Tragic top chef worried if his 'success would last'

 02 Feb 2016 - 12:34

Tragic top chef worried if his 'success would last'
A file picture taken on December 12, 2015, in Crissier shows Benoit Violier, chef of the Restaurant de l'Hotel de Ville, posing outside his restaurant in Crissier, western Switzerland.

 

Paris: Benoit Violier, the chef of the "world's best restaurant" whose apparent suicide has shocked the gastronomic world, worried that his success would not last, reports said Tuesday.

In his last interview given only four days before he was found dead with his hunting rifle by his side at his home near Lausanne in Switzerland, Violier appeared in good spirits.

But he told the French daily Liberation in an interview published Tuesday that having three Michelin stars and being named as the best in the world in December by the La Liste classification did not matter to him.

"It's all about clients coming back," he said.

"I hope that it lasts. With 54 employees you have only three months grace," he said, referring to the waiting list for a table at his Restaurant de l'Hotel de Ville in the village of Crissier.

"You have always to remain concentrated...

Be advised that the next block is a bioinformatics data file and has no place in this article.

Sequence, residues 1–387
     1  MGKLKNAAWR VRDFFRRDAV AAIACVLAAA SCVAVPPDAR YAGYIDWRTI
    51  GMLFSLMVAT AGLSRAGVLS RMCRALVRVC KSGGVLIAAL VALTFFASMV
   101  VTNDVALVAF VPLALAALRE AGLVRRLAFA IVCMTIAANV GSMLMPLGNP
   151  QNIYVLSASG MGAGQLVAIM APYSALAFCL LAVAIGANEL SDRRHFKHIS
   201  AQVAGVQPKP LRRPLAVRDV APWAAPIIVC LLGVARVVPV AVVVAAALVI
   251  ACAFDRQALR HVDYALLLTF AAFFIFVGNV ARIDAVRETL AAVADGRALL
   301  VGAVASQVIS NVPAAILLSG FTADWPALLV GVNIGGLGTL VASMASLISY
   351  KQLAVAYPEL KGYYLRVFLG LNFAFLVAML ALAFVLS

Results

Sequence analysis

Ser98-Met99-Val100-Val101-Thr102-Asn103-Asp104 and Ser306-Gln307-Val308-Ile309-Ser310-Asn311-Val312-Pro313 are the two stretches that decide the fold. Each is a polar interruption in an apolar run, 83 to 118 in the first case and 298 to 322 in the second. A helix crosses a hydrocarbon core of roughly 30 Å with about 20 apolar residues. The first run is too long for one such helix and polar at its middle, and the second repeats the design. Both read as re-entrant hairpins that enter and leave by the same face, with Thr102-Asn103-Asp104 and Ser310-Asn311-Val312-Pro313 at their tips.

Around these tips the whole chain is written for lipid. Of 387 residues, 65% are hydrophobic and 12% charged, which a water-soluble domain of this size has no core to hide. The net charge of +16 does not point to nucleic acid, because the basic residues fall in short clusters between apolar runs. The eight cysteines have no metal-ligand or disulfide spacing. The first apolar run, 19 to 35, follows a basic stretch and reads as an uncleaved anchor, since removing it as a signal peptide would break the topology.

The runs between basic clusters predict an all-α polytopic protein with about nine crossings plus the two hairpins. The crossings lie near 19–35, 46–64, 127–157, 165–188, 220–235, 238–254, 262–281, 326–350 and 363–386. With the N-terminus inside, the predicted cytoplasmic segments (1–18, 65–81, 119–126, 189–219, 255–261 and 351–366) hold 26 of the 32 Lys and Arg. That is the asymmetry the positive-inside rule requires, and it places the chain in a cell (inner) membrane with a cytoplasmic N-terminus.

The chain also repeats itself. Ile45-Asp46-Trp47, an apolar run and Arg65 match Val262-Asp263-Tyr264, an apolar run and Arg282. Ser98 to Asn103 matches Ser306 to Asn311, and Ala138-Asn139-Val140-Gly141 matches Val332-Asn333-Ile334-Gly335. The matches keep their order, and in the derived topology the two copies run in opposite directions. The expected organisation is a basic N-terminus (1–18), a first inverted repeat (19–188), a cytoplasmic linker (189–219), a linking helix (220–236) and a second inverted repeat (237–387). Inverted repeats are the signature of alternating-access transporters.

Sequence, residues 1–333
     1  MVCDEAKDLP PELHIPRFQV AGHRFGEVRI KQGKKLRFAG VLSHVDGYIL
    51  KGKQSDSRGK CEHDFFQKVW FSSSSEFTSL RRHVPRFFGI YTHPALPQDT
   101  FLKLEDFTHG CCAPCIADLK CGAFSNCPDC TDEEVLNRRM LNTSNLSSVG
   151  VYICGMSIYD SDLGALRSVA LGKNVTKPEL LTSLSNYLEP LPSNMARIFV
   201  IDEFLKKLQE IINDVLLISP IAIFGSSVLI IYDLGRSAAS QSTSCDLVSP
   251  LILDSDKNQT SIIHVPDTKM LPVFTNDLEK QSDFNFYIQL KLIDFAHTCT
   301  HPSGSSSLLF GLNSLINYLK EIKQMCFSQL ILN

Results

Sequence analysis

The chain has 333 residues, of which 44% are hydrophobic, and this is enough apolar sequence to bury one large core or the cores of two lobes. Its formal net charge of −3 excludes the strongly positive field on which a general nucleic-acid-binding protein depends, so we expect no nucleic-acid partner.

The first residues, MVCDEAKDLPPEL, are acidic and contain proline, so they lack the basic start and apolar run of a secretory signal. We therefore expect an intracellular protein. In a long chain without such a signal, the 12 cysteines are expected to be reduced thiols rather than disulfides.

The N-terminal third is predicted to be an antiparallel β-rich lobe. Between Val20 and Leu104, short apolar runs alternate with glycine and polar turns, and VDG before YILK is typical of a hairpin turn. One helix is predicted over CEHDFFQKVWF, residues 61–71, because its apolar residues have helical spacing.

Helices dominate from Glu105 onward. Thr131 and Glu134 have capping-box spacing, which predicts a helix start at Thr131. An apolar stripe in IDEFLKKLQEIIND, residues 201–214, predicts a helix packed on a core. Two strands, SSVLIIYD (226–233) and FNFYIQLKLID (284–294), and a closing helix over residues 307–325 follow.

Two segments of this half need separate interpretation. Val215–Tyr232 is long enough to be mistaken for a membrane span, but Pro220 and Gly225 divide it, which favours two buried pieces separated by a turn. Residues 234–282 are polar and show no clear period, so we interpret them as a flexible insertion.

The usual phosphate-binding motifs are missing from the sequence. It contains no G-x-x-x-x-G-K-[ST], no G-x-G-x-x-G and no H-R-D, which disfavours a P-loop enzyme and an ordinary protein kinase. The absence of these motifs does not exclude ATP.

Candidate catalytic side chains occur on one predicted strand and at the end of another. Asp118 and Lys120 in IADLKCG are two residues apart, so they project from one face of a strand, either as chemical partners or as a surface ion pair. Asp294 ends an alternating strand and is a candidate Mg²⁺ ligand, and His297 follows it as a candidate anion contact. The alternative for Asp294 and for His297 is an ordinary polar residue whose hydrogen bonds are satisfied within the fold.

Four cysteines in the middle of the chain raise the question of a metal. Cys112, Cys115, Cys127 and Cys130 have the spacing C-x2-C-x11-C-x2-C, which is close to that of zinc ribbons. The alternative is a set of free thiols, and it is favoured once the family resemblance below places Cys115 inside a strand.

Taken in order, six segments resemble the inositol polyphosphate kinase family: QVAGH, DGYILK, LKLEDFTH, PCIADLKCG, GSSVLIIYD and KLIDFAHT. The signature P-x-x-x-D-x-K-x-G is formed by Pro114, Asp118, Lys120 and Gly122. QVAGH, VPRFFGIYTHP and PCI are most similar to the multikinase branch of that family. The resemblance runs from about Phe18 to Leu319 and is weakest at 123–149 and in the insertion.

"You know people don't come here for the sea views," Violier joked, referring to his restaurant's less than glamorous setting in a semi-industrial zone near a motorway exit.

He claimed to have never heard of the La Liste, set up by the French department of foreign affairs as a counterweight to the British-based World's 50 Best Restaurants guide, until AFP contacted him to tell him he that was top of their ranking.

"I didn't want to go to the prize-giving ceremony, I had planned to change my identity card that day," he told the daily.

The 44-year-old chef, whose life-long passion for hunting had led him write a 1,000-page encyclopaedia of European game birds, said he was even considering putting his rifle away and taking up photography.

Violier, who had a 12-year-old son, and ran the restaurant with his wife, Brigitte, said he was also toying with idea of teaching cookery.

"The starification of our profession has gone too far. Television has made kids believe that in three months you can be a star. But to be a cook its takes a whole life," he said.

AFP